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Exp Cell Res. 2000 Apr 10;256(1):213-24.

A comparison of the activity, sequence specificity, and CRM1-dependence of different nuclear export signals.

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Westmead Institute for Cancer Research, University of Sydney, Westmead, New South Wales, 2145, Australia. berich@westgate.wh.usyd


Nuclear export sequences (NESs) have been identified in many cellular proteins, but it remains unclear how different NESs compare in activity. We describe a sensitive new in vivo export assay which we have used to assess the relative export activity of different types of NES. The most common type of export sequence resembles that first identified in the HIV-1 Rev protein and typically comprises a core of large hydrophobic amino acids that specify recognition by the CRM1 export receptor. We compared 10 previously identified Rev-type NESs in our assay, and whereas all were functional, the relative export activities of these signals varied considerably. We further identified 3 new Rev-type NESs from a computer database search, and each export signal was assigned a score of 1 to 9 and ranked in order of activity (e.g., PKI > c-ABL > Ran-BP1 > FMRP > PML > IkappaB-alpha > hdm2). The weakest NESs were found in the p53 tumor suppressor and the p53-regulated proteins p21 and hdm2, which are all normally localized to the nucleus. All of the Rev-type NESs were inactivated by mutation of key hydrophobic residues and by treatment with the CRM1-specific export inhibitor, leptomycin B. In contrast, a different type of export signal, the KNS shuttling element derived from hnRNP K, exhibited a modest export activity that was insensitive to leptomycin B treatment. KNS thus appears to mediate export via a CRM1-independent pathway. Mutagenesis of the KNS sequence identified, for the first time, specific serines and acidic residues necessary for its export activity, thereby distinguishing KNS from other types of nuclear transport signal. We have shown that different nuclear export signals can vary profoundly in activity and therefore conclude that the nuclear export rate of a specific shuttling protein largely depends on both the strength and the accessibility of its NES.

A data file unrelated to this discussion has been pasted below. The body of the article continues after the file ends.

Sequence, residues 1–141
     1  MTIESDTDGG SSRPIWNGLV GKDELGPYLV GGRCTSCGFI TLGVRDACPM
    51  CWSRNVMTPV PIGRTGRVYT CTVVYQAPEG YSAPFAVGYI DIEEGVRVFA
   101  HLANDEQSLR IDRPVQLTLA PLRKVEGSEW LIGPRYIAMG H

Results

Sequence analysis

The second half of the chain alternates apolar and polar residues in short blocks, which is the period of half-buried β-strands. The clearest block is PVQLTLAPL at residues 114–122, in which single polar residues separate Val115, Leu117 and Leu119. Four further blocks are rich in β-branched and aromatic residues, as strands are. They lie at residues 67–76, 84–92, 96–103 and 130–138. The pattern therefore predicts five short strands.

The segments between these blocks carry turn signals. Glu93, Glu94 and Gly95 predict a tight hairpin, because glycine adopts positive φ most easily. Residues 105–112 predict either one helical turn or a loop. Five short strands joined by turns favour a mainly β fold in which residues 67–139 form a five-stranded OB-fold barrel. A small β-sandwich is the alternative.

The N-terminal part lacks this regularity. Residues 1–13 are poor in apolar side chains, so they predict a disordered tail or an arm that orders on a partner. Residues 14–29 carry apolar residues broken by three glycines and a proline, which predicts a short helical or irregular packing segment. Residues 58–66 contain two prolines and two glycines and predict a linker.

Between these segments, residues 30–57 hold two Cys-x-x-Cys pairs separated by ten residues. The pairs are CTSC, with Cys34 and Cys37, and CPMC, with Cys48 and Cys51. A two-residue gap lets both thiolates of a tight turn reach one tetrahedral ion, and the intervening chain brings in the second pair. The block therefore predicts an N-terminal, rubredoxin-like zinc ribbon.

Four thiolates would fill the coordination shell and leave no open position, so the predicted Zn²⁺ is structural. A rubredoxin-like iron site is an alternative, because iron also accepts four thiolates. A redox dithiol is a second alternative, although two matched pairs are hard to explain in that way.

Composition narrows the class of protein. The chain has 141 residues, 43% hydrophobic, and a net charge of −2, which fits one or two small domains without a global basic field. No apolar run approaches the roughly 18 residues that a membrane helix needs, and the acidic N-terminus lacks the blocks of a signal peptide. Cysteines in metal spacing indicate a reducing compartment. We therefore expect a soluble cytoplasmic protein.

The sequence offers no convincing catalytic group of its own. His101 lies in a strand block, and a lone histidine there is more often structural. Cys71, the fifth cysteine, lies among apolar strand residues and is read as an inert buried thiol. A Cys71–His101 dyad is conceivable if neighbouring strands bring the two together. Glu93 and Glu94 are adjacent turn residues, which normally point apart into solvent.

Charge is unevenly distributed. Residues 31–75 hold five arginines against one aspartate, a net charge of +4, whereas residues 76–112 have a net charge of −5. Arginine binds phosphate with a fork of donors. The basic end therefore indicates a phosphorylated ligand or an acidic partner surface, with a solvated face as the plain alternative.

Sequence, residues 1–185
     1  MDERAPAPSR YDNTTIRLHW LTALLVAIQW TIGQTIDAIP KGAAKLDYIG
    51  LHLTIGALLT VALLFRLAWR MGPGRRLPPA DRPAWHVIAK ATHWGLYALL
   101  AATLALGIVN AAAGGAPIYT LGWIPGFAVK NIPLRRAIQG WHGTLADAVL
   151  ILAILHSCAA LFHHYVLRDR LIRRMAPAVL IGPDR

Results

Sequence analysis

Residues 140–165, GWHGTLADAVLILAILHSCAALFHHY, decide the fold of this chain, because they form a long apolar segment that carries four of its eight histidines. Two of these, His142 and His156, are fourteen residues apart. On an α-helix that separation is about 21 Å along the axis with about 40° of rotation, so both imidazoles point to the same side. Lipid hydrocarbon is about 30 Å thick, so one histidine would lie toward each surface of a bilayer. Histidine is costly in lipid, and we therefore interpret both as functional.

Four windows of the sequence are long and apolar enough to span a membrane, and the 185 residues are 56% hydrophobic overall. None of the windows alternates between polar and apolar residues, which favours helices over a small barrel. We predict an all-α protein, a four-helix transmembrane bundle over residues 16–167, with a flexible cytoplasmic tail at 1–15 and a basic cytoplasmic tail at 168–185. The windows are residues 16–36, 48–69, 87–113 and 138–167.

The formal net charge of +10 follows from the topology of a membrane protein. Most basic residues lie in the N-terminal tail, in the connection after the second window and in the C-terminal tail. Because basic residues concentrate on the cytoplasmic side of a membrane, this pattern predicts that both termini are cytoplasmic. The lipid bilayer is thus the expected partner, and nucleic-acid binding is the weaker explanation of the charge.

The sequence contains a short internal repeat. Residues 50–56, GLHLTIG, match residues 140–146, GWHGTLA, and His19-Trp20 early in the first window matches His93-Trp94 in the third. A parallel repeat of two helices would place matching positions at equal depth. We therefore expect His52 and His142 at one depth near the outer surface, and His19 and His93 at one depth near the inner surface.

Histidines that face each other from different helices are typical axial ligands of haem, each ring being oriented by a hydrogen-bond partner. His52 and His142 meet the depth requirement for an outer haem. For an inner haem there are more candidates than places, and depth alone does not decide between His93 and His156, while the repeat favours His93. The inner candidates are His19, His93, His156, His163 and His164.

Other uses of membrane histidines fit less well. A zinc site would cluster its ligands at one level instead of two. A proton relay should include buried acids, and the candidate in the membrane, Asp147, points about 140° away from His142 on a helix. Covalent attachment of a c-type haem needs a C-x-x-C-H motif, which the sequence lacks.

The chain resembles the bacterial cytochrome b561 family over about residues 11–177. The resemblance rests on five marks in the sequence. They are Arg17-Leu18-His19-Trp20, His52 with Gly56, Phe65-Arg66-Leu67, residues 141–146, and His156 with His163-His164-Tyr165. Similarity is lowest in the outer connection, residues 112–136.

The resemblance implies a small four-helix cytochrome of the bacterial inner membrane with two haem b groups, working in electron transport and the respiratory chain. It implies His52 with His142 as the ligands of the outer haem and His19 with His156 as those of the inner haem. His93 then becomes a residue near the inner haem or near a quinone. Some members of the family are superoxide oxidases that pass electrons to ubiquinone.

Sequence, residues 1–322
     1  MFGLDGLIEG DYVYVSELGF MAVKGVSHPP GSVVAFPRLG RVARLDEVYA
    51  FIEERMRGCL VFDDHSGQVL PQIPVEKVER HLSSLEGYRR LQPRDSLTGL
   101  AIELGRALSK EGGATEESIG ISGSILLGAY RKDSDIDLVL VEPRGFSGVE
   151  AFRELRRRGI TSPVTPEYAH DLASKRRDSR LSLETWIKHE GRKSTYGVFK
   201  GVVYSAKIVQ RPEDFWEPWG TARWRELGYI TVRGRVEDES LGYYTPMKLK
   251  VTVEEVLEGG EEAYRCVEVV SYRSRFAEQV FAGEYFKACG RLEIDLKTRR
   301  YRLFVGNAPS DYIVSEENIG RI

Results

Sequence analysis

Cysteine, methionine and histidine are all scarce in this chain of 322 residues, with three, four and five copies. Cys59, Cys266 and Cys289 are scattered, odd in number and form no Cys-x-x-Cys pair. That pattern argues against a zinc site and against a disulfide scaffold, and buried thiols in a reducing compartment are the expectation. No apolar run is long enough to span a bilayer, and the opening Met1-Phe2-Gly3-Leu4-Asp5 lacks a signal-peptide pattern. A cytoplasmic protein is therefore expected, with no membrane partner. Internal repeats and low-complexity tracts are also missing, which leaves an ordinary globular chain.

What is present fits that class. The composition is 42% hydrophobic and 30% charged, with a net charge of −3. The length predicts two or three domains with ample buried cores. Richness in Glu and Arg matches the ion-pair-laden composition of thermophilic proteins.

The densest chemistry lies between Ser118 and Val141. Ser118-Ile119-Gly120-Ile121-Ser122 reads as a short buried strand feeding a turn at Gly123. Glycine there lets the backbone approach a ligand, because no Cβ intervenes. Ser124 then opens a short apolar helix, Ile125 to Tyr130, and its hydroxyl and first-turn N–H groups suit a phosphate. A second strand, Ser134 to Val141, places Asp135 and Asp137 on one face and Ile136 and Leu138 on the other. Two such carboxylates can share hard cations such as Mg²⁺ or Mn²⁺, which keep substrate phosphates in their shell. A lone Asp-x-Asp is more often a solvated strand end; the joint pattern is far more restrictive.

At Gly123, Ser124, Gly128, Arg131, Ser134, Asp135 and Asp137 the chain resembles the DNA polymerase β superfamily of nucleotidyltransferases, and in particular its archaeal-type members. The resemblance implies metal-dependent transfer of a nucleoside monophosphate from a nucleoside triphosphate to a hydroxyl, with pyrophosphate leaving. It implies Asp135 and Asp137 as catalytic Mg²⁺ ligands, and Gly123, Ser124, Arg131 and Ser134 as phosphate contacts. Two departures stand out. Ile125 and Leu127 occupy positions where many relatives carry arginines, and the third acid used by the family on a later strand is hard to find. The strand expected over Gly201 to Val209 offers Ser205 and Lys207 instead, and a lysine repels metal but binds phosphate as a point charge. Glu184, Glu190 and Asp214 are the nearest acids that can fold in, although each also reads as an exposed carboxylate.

[Indexed for MEDLINE]

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